Websites that cater to homeowners who are thinking about remodeling might want to pause and ponder whether they're actually discouraging site visitors from going through the upheaval of, say, renovating the kitchen: A new survey suggests that nearly half of couples who had remodeled admitted that the experience created friction between the partners.
And 12 percent said they were moved to think about divorce or separation because of it.
Clashing design styles were a leading reason for this conflict, according to Houzz, an architecture and interior design website, which found that about one-third of couples admitted to not caring for their significant other's tastes.
If you've ever been through a similar situation, take comfort that you're not alone: 42 percent of survey respondents said they regarded themselves as stuck with furniture and other items (some respondents specified "antlers") that their partners firmly refused to part with.
The Florida report. Thinking of retiring to Florida? Pack plenty of money.
Three recent reports on the Sunshine State's real estate market suggest that: a) housing there has made a miraculous recovery from its incredible bubble pop, or b) people are a little crazy, or c) both.
Consider Orlando, a vacation destination so popular that countless visitors undoubtedly have at least daydreamed about buying a little place or a condo, renting it out to tourists and occasionally returning for theme park getaways.
If that's you, well, too bad you didn't do it when you were thinking about it: Condo prices in the four-county Orlando area have more than doubled in the past three years, according to the Florida Association of Realtors.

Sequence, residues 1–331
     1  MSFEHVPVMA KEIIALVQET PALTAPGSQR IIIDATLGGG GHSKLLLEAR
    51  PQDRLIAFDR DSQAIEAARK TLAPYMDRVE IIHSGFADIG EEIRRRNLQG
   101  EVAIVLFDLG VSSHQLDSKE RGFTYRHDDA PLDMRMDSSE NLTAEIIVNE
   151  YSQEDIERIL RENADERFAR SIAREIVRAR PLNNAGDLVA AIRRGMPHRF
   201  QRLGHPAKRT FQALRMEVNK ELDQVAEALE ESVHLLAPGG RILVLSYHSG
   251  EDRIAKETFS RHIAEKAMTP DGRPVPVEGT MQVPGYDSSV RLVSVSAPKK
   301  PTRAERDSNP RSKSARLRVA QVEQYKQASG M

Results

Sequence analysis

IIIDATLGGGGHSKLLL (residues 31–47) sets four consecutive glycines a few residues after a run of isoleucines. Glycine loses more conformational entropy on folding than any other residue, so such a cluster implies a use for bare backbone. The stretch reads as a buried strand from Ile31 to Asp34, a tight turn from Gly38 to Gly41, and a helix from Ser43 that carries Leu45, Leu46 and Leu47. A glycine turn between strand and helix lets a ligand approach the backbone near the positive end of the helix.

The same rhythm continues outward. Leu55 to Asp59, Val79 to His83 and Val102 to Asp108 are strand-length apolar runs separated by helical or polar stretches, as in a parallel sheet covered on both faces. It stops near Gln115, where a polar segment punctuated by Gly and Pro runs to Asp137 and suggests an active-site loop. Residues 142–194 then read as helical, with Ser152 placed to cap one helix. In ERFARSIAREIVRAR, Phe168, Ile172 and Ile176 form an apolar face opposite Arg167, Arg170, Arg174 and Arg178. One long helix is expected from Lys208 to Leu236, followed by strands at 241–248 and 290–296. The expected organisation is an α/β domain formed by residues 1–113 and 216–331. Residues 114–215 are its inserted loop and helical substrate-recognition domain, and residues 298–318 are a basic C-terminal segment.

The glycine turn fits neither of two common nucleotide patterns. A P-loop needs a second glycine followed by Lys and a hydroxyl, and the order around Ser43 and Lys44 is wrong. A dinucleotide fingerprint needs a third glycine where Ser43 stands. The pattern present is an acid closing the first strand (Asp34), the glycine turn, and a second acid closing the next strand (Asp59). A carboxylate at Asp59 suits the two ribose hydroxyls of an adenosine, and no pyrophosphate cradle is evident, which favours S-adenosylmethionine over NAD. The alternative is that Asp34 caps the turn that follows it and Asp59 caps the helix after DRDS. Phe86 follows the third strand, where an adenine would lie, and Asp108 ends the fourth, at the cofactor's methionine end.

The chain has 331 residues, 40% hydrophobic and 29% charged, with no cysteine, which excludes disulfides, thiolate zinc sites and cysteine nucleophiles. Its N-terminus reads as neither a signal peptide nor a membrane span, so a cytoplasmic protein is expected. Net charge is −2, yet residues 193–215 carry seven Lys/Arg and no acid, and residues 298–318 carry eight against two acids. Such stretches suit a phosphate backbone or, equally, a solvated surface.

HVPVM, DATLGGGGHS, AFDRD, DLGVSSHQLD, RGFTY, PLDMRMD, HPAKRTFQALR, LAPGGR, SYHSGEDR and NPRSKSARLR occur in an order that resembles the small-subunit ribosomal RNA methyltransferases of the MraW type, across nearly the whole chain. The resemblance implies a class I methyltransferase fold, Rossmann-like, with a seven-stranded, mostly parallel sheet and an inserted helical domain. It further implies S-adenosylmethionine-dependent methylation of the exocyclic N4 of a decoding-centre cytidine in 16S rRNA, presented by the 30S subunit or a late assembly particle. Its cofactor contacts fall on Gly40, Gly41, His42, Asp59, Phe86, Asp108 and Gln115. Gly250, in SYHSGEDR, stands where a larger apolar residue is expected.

The median condo or town house price in July was $104,000, which doesn't sound terribly expensive until you consider that the median condo price in July 2010 was $50,400, the lowest price in the state.
The Orlando Sentinel, a Tribune Co. newspaper, reported that much of the increase apparently was driven by East Coast residents and Midwesterners who paid all cash.
Then there's chichi Naples. The Naples (Florida) Area Board of Realtors reported a 143 percent increase in condo closed sales in the $300,000 to $500,000 price range in the past year.
The overall median closed price in July was $226,000, up from $190,000 one year earlier.
And in Miami, the influence of wealthy Latin Americans on the local real estate market continues to make headlines.
The city's Brickell neighborhood has long been affluent, but the arrival of millionaires from South America drove the neighborhood's average household income to about $115,000 in 2011 from about $78,000 in 2000.
When two high-rises broke ground in Brickell earlier in the decade, the average price per square foot for their condo units was $350.
Now the developers are shooting for a median of $800 a square foot, according to the South Florida Business Journal.
Noise? What noise? Purchasers of condos at a pricey complex in Aspen, Colo., might have to forever hold their peace, insofar as their neighbors go.
The City Council there is considering ordering that a "no complaining clause" be added to contracts at a three-story luxury development to stem legal disputes over noise generated by nearby nightclubs.
The buyers would be asked to acknowledge that they realize they're moving into a commercial area and vow not to "interfere" with business activities, according to the Aspen Daily News.
Halfsies. If you're among those who think we're in the midst of some kind of "normalization" of the real estate market, I offer you the conclusions of Goldman Sachs investment banking firm, which estimates that more than half of all recent real estate transactions nationwide have been all-cash deals, without mortgages.
Its report found that all-cash deals hit 57 percent in the first quarter of 2013, compared with 19 percent in the first quarter of 2005.
Such sales appear to be concentrated at the lower end of the price scale, Goldman Sachs said, and reflect the efforts of investors who are buying more modest homes to rent out.